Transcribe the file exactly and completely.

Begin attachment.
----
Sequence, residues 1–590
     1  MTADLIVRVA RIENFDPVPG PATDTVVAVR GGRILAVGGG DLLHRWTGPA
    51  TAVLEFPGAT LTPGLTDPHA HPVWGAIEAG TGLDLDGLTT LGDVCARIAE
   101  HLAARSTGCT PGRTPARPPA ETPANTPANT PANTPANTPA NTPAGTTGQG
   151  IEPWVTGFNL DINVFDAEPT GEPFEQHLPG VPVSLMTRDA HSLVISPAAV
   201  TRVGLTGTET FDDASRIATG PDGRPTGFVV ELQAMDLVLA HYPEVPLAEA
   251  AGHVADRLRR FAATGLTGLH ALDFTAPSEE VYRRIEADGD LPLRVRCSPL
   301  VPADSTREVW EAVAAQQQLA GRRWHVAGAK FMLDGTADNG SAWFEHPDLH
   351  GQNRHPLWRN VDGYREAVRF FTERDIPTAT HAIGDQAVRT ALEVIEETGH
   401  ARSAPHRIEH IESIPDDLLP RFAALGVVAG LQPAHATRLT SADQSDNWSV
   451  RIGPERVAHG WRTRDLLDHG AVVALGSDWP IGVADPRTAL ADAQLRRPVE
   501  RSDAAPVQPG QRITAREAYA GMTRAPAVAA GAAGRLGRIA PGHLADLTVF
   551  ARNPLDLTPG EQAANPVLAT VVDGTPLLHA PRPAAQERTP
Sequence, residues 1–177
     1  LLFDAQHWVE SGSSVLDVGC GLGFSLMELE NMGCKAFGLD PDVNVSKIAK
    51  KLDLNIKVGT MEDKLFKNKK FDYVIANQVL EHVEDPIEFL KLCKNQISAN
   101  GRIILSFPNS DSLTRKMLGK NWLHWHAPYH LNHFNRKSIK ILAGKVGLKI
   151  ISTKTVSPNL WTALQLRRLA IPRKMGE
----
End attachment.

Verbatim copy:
Sequence, residues 1–590
     1  MTADLIVRVA RIENFDPVPG PATDTVVAVR GGRILAVGGG DLLHRWTGPA
    51  TAVLEFPGAT LTPGLTDPHA HPVWGAIEAG TGLDLDGLTT LGDVCARIAE
   101  HLAARSTGCT PGRTPARPPA ETPANTPANT PANTPANTPA NTPAGTTGQG
   151  IEPWVTGFNL DINVFDAEPT GEPFEQHLPG VPVSLMTRDA HSLVISPAAV
   201  TRVGLTGTET FDDASRIATG PDGRPTGFVV ELQAMDLVLA HYPEVPLAEA
   251  AGHVADRLRR FAATGLTGLH ALDFTAPSEE VYRRIEADGD LPLRVRCSPL
   301  VPADSTREVW EAVAAQQQLA GRRWHVAGAK FMLDGTADNG SAWFEHPDLH
   351  GQNRHPLWRN VDGYREAVRF FTERDIPTAT HAIGDQAVRT ALEVIEETGH
   401  ARSAPHRIEH IESIPDDLLP RFAALGVVAG LQPAHATRLT SADQSDNWSV
   451  RIGPERVAHG WRTRDLLDHG AVVALGSDWP IGVADPRTAL ADAQLRRPVE
   501  RSDAAPVQPG QRITAREAYA GMTRAPAVAA GAAGRLGRIA PGHLADLTVF
   551  ARNPLDLTPG EQAANPVLAT VVDGTPLLHA PRPAAQERTP
Sequence, residues 1–177
     1  LLFDAQHWVE SGSSVLDVGC GLGFSLMELE NMGCKAFGLD PDVNVSKIAK
    51  KLDLNIKVGT MEDKLFKNKK FDYVIANQVL EHVEDPIEFL KLCKNQISAN
   101  GRIILSFPNS DSLTRKMLGK NWLHWHAPYH LNHFNRKSIK ILAGKVGLKI
   151  ISTKTVSPNL WTALQLRRLA IPRKMGE